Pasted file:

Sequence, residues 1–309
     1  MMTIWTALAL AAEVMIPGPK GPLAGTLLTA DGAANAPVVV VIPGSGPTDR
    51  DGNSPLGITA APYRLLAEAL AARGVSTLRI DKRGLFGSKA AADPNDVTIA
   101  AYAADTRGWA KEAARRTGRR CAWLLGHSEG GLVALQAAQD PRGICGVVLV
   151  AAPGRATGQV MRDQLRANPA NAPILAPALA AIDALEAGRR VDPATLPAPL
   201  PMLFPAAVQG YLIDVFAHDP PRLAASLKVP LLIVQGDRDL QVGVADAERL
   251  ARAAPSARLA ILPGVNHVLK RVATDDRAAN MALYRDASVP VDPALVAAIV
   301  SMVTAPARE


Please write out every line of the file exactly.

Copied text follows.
Sequence, residues 1–309
     1  MMTIWTALAL AAEVMIPGPK GPLAGTLLTA DGAANAPVVV VIPGSGPTDR
    51  DGNSPLGITA APYRLLAEAL AARGVSTLRI DKRGLFGSKA AADPNDVTIA
   101  AYAADTRGWA KEAARRTGRR CAWLLGHSEG GLVALQAAQD PRGICGVVLV
   151  AAPGRATGQV MRDQLRANPA NAPILAPALA AIDALEAGRR VDPATLPAPL
   201  PMLFPAAVQG YLIDVFAHDP PRLAASLKVP LLIVQGDRDL QVGVADAERL
   251  ARAAPSARLA ILPGVNHVLK RVATDDRAAN MALYRDASVP VDPALVAAIV
   301  SMVTAPARE